Scary Crash Involving Texas Food Truck Sends 9 People To The Hospital

On April 8, a truck rammed into the side of a sedan and plowed it into a group of people at a nearby food truck in Austin. 11 people were injured and nine were hospitalized, the Austin-Travis County EMS told local NBC affiliate KXAN. Two had life threatening injuries, two had potentially serious injuries, and the remaining five were admitted with non-life-threatening injuries.

"We heard a car speeding up, revving up, and then all of a sudden a huge pop, and we came out here as fast as we can to find this huge truck hit a tiny little car and made the biggest noise," one witness told the station. 

It later came out that 10 of the 11 people involved were employees of Sorenson, a communications company based in Salt Lake City. The company explained on its website that the workers had gone to Austin for a DeafNation Expo.

People wrote that the police could not confirm what led to the crash, but both drivers were reportedly helping them with their inquiries. The police also told KXAN that it was too early to say whether any charges would be brought against the drivers.

Crashes have been on the rise in the U.S.

One person who claims to have witnessed the incident explained what they saw in the Facebook comments of the press briefing. "I was behind the car that got hit," the person wrote. "I called it in. [The driver] tried to speed across [an intersection without a traffic light] to beat the truck. I watched, knowing he wouldn't make it as the truck was also going very fast."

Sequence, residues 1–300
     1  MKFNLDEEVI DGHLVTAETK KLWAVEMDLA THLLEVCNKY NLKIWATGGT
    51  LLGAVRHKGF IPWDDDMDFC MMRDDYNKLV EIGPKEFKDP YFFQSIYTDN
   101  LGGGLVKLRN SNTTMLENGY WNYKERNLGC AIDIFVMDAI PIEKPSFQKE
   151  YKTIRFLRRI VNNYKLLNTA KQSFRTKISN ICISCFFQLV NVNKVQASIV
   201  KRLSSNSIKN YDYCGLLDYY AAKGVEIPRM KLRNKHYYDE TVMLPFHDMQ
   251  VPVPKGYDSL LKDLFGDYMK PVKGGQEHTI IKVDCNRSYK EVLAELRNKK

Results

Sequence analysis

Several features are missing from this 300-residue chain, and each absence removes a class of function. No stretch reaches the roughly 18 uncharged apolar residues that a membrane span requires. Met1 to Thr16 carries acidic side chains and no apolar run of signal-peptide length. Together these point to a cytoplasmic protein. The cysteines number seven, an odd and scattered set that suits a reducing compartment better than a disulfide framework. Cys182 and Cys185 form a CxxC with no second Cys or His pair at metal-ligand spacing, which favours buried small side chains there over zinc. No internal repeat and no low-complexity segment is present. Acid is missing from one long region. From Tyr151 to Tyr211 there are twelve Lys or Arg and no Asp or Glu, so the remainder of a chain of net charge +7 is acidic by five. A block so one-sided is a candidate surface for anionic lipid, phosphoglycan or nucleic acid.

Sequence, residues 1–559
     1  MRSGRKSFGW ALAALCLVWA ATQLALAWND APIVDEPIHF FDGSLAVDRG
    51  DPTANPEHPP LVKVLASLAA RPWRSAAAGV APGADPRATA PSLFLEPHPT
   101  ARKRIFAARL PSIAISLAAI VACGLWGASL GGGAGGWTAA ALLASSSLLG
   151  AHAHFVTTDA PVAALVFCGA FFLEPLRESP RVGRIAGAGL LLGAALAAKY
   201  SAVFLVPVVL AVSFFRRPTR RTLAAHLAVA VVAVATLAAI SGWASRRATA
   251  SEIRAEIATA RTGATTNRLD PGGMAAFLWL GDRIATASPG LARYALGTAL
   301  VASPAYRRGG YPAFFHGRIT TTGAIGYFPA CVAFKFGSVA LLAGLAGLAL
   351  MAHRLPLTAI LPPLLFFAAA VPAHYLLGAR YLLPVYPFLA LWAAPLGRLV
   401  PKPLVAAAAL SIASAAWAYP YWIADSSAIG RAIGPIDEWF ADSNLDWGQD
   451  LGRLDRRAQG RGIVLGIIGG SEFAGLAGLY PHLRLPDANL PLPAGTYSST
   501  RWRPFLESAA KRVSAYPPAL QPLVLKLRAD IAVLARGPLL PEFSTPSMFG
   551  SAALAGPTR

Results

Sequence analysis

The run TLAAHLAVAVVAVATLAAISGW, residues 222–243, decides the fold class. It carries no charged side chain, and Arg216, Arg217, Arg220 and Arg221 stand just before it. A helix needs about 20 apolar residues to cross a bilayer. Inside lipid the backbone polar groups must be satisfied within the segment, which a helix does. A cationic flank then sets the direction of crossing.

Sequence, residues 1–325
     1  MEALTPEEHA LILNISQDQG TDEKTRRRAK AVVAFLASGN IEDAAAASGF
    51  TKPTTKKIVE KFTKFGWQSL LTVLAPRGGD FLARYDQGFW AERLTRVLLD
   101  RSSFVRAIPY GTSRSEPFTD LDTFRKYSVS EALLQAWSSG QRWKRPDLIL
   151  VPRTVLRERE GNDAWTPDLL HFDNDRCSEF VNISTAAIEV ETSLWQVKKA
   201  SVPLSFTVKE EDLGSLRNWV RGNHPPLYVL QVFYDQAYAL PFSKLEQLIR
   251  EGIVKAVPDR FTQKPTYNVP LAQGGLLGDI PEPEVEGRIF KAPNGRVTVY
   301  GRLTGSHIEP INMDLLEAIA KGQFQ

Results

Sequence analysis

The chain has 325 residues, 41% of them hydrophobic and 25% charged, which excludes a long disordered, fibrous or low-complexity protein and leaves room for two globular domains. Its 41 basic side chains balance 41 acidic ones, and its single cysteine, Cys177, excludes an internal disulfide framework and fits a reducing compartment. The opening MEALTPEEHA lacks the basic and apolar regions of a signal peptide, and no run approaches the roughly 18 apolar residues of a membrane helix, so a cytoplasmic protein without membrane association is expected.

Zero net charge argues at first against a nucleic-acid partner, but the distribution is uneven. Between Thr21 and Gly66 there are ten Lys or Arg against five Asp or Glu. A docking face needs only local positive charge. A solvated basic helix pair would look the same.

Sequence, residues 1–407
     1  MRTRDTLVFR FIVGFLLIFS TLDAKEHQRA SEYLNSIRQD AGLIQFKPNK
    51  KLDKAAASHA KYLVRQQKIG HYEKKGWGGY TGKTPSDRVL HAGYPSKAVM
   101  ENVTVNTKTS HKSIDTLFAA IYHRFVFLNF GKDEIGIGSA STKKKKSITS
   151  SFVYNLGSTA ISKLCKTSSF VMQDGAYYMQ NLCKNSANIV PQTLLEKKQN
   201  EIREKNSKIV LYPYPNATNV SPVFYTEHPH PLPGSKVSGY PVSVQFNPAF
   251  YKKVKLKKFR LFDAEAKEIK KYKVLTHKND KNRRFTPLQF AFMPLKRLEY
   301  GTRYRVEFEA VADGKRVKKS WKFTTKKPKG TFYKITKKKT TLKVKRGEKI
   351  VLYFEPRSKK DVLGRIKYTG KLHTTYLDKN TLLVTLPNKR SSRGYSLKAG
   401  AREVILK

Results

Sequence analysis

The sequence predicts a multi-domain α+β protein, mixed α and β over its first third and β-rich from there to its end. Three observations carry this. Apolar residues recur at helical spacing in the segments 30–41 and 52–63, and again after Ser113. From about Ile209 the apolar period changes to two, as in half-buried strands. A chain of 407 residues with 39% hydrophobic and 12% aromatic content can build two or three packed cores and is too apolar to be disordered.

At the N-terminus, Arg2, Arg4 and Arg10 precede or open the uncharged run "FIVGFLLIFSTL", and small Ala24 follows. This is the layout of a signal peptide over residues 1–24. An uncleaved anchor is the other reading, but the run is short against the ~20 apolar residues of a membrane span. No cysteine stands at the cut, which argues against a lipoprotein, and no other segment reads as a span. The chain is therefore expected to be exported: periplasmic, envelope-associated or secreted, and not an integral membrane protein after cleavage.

In March, The New Republic investigated why even though driving decreased in the United States during the pandemic, the amount of car crashes increased. After all, European countries also stopped driving as much and had to deal with the stresses of a pandemic, yet crashes decreased there. So something about the United States makes its drivers more prone to accidents.

Charles Marohn, the founder of Strong Towns, explained that after the country designed highways, it employed the same logic of maximizing car mobility to local streets. "The challenge with our streets is that when you combine speeds that are above 20 miles an hour with random complexity, you get a high degree of collisions, traumatic injury, and death," he stated. Such complexity has occurred and one can only hope that the outcome of the recent collision is not death.